As part our College Q & A guide, we decided to ask your questions to the experts. Here are their answers.
The short answer is that unless you are being recruited onto an athletic team, participating in sports is just as important as any other activity that may have surfaced as your primary extracurricular involvement. Admissions officers know that being on a sports team requires discipline, commitment, teamwork and if you one of the good ones, talent. Unfortunately because playing sports is so ubiquitous it’s sometimes hard to describe that experience in a creative way, and is a tough ‘hook.’ However, if you treat your involvement with athletics as an opportunity to highlight leadership, or take your sport into the community, it may very well be a hook. For instance, if you’re a committed soccer player, but not the team all-star, what about volunteering to set up a camp for younger players or helping plan a tournament? Now it’s not about you as an athlete, but you as a leader.
It can be very important. You can be recruited to a school to play for them if you are good enough, which is one way to get into college, but otherwise, playing on a sport shows that you have a certain mental and physical discipline. Playing a team sport already shows great teamworking skills, which colleges like to see. Sports are by no means necessary, however. If you are able to demonstrate your excellent qualities through any of your activities that’s great. Colleges want to see that you get more out of your activities than simple enjoyment. If being in orchestra makes you a team player, let them know! If painting helps you express your emotions, tell them! The most important thing is that colleges see that you have good non-academic qualities. Athletics most easily demonstrates things like leadership, discipline and teamwork, but so do other things too.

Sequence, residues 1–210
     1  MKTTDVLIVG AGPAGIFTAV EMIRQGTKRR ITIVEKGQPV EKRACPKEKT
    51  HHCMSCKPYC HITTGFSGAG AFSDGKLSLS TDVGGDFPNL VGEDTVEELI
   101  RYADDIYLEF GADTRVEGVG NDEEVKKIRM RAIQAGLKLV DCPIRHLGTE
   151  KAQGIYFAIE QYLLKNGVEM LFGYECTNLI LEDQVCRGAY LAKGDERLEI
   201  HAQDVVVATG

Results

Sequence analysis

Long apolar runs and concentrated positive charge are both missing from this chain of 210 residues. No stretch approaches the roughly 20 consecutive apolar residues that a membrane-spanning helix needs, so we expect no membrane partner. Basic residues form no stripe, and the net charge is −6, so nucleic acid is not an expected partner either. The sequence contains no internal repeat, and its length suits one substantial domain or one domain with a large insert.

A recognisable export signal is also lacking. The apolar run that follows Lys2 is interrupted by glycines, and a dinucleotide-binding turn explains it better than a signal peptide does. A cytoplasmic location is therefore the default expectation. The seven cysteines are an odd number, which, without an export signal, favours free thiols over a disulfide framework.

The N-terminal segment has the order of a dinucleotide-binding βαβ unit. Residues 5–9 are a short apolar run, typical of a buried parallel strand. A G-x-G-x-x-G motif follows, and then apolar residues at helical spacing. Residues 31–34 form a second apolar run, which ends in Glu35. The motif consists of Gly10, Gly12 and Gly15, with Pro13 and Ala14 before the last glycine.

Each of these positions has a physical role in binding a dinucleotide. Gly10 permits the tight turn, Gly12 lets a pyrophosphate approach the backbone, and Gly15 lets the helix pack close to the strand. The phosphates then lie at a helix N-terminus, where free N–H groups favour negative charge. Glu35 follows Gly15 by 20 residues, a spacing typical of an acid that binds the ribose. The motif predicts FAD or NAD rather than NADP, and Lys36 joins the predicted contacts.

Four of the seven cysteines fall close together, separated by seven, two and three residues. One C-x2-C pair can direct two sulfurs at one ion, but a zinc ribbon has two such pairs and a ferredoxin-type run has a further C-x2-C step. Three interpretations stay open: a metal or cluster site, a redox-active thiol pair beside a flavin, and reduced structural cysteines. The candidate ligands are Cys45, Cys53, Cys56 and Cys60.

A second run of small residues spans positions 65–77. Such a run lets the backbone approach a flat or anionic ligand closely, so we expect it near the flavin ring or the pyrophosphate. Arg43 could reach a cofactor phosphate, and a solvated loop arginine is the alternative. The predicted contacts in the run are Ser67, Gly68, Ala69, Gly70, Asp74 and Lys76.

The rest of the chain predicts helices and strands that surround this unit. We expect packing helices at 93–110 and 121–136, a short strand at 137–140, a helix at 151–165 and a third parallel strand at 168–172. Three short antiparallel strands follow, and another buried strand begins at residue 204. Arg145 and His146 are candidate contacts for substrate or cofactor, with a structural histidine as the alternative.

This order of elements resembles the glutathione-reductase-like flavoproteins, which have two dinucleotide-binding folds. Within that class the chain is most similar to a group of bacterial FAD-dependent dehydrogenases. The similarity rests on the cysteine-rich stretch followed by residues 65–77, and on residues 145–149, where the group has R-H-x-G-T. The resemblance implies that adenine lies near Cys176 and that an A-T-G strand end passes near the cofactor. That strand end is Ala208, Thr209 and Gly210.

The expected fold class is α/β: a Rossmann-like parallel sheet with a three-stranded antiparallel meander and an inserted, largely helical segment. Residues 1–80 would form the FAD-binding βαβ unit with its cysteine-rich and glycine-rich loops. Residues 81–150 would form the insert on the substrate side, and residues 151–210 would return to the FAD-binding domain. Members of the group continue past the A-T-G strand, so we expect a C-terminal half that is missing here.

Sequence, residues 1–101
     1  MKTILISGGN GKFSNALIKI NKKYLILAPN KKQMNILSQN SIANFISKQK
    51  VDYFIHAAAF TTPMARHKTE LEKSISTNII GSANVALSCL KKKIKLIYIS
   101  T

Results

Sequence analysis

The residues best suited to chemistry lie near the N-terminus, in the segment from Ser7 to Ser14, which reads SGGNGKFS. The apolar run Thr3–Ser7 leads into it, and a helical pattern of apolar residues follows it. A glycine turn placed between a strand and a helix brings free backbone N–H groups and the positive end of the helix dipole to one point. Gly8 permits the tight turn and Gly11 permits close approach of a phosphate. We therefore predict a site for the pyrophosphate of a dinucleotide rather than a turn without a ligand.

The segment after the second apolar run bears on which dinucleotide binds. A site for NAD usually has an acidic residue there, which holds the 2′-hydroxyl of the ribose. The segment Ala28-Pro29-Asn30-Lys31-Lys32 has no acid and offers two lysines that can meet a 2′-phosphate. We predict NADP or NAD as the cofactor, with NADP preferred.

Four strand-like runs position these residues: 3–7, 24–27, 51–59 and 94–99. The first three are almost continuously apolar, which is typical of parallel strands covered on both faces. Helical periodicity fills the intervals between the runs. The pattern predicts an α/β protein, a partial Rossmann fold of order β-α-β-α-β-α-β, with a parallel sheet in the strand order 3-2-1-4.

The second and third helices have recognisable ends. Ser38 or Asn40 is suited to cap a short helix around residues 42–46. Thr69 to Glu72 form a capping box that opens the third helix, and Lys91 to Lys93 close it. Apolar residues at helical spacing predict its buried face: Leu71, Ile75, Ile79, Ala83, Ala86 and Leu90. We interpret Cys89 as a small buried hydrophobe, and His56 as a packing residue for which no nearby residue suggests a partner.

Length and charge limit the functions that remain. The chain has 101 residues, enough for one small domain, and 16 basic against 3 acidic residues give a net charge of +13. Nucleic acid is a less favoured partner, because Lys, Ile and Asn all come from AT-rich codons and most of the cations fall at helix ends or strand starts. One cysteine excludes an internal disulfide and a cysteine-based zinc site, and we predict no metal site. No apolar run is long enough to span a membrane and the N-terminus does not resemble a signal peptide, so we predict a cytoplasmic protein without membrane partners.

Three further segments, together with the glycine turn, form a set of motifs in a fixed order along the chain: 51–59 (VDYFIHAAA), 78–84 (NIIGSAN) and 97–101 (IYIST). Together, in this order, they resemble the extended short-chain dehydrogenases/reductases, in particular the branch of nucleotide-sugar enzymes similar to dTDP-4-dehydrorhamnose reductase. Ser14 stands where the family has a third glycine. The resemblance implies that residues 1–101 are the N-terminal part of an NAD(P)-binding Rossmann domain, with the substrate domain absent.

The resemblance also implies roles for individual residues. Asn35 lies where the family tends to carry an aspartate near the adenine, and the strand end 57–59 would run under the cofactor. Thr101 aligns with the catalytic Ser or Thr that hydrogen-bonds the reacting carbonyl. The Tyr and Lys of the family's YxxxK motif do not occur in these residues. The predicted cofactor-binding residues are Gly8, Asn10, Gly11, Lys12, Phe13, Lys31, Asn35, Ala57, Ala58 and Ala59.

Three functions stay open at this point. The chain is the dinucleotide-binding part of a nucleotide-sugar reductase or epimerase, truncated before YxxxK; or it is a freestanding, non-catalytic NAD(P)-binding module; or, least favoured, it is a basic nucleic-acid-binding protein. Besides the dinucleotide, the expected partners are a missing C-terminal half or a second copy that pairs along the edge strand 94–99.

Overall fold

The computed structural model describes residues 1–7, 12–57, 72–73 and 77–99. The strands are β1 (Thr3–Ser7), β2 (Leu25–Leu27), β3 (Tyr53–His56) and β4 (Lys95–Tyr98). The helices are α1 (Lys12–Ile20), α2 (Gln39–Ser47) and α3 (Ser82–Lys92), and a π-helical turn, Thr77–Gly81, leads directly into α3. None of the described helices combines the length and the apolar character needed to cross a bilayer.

Whether you are looking to fence at Cornell, play basketball at Gonzaga, or row for San Diego State, it is important to fully understand the college admissions process for student athletes. How is it different from the traditional process? How can you best prepare early in order to open up as many options as possible when it comes time for applying to colleges and exploring your athletic options? The list below is by no means exhaustive, as there are many intricacies associated with each sport and each individual school, but it can be used as a place to start. – Develop an athletic resume, summarizing your experiences and academic background – Develop a recruiting film that includes both highlights as well as a full game – Continue to take academically rigorous coursework (including AP and Honors classes, if possible) – Develop a balanced list of schools that you are interested in playing for, with a balance of Division I and Division III schools – Fill out the recruiting forms on each college’s website (once you have received your test scores) – If you are interested in playing a Division I sport, fill out the NCAA eligibility form – Contact coaches and assistant coaches to express your interest in a school. Make sure that your email contact is personalized to each school and written in a professional manner. – Attend athletic camps over your summers. These are typically about 4 days long at the end of June or during July, and are a great place to showcase your skills and introduce yourself to coaches. When looking at your different options, be sure to note the schools that will be attending for recruitment. You can also ask coaches which camps they will be attending over the summer. – Remain in contact with the schools that you are most interested in – Visit the schools that you are interested in playing for, if possible – Make your final decision. Be sure that you are making the decision that is best for you, not choosing the college that you think you should attend, but rather the college that you are most interested in attending.
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